It is now proven that the contents of a PDF hashed with SHA-1 can be changed without invalidating the signature, with significant consequences for older software implementations.
shattered.io reported on Thursday, February 23 that SHA-1, an industry cryptographic hash function standard, has been broken in practice.
Quoted in Ars Technica, one of the lead researchers on the team that broke SHA-1, Marc Stephens, said:
“As an example of the insecurity of SHA1 [the identical-prefix collision] is very meaningful. Chosen-prefix collisions are more powerful and relieve an attacker from some constraints, but identical-prefix collisions can be just as dangerous with a very creative attacker. It is hard to say which things you can’t do with an identical-prefix collision.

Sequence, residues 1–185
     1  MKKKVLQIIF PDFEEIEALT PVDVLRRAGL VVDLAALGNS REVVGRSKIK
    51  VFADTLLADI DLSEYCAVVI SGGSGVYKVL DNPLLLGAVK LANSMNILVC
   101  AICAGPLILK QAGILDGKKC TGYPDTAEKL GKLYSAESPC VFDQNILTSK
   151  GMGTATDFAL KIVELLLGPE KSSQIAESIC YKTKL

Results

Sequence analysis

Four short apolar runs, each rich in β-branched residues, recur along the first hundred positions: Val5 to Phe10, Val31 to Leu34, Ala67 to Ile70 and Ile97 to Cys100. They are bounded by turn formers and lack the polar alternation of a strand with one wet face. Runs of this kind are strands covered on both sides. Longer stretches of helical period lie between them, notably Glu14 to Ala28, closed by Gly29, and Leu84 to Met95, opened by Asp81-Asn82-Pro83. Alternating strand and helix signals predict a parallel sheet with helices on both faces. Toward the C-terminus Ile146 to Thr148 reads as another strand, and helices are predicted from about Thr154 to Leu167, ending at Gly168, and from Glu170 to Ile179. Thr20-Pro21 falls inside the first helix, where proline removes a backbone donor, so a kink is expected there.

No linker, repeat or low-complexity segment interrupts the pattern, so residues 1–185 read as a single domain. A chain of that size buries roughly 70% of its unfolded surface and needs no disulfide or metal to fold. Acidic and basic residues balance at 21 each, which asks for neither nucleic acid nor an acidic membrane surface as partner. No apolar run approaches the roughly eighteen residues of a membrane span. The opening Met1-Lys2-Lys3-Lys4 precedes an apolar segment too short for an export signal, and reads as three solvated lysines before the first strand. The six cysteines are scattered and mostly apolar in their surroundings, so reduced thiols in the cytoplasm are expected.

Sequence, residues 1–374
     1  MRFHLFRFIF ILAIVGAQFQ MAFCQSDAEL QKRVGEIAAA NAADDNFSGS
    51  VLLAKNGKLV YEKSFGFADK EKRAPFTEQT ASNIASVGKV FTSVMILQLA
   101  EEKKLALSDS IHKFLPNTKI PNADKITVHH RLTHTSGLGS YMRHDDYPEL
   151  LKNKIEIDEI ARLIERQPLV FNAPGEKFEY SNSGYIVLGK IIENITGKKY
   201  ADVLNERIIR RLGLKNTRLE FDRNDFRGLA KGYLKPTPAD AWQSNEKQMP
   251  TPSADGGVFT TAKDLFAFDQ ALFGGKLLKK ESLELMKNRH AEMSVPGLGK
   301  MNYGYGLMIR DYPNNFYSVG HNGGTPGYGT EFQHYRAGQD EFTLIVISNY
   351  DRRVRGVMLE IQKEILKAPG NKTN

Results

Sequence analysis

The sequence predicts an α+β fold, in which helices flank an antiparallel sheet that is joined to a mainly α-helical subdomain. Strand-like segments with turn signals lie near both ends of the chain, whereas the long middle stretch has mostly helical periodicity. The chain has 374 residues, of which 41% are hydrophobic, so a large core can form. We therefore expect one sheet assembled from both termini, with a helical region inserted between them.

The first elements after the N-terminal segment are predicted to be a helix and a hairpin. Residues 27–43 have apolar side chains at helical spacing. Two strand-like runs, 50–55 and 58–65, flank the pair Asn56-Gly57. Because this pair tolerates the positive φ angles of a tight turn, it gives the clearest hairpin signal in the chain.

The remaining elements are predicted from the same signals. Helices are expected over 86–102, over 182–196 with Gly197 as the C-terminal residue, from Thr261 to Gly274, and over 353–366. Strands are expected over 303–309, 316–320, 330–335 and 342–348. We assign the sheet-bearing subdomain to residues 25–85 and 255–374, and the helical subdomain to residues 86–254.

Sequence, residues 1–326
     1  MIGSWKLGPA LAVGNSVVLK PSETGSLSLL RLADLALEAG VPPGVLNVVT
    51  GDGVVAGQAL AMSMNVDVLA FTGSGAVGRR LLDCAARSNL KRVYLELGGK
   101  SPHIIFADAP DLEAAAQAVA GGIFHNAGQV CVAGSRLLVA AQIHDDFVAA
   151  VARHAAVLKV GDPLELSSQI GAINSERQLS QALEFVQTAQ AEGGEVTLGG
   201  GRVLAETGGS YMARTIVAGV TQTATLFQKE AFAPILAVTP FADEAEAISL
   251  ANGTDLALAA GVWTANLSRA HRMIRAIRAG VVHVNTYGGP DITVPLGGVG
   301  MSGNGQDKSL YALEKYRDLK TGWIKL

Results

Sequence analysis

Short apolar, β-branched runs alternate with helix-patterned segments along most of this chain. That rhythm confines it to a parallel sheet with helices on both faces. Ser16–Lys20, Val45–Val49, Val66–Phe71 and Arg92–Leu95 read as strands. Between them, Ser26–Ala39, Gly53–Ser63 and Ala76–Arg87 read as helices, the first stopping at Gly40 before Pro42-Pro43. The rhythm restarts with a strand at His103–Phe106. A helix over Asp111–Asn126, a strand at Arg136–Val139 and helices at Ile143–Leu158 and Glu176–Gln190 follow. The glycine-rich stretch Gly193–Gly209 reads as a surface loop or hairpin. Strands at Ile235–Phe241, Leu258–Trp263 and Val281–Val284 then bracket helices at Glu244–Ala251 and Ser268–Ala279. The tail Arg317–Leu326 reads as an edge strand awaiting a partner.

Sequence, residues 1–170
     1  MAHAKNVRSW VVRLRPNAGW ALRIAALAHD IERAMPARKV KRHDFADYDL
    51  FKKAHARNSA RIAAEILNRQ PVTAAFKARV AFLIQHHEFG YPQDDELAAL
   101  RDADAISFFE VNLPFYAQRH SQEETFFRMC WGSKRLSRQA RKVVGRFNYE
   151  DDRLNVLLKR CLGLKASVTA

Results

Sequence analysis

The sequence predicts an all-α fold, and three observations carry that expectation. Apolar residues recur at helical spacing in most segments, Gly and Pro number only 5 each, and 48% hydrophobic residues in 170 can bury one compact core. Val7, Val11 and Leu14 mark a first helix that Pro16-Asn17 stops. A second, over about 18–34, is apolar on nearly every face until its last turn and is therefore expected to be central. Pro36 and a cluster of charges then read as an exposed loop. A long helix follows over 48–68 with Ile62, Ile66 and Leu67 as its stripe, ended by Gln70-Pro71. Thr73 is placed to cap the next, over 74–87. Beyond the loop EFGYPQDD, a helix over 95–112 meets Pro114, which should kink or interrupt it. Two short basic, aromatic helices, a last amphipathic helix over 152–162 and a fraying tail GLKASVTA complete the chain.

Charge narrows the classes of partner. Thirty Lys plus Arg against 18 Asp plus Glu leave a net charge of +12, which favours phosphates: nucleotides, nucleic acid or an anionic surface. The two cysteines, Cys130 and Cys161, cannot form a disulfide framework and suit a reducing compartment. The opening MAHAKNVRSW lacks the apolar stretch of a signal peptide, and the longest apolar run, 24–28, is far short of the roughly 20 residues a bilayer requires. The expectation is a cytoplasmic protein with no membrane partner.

But we do know quite some demonstrated threats using identical-prefix collisions: certificates with identical names and different pubkeys, PDF files, PostScript files, TIFF files, JPEG files, Word files, file archives, signed software, Email message/attachment PGP/GPG signatures.”
The attack proof provided by the team, and available from shattered.io, happens to use two PDF files that display different content, yet have the same SHA-1 digest.
PDF implementers should take note that ISO 32000-2 (PDF 2.0) deprecates SHA-1. PDF 2.0, which has been (mostly) final for a year now, is in its final editing phase now, and is expected before summer.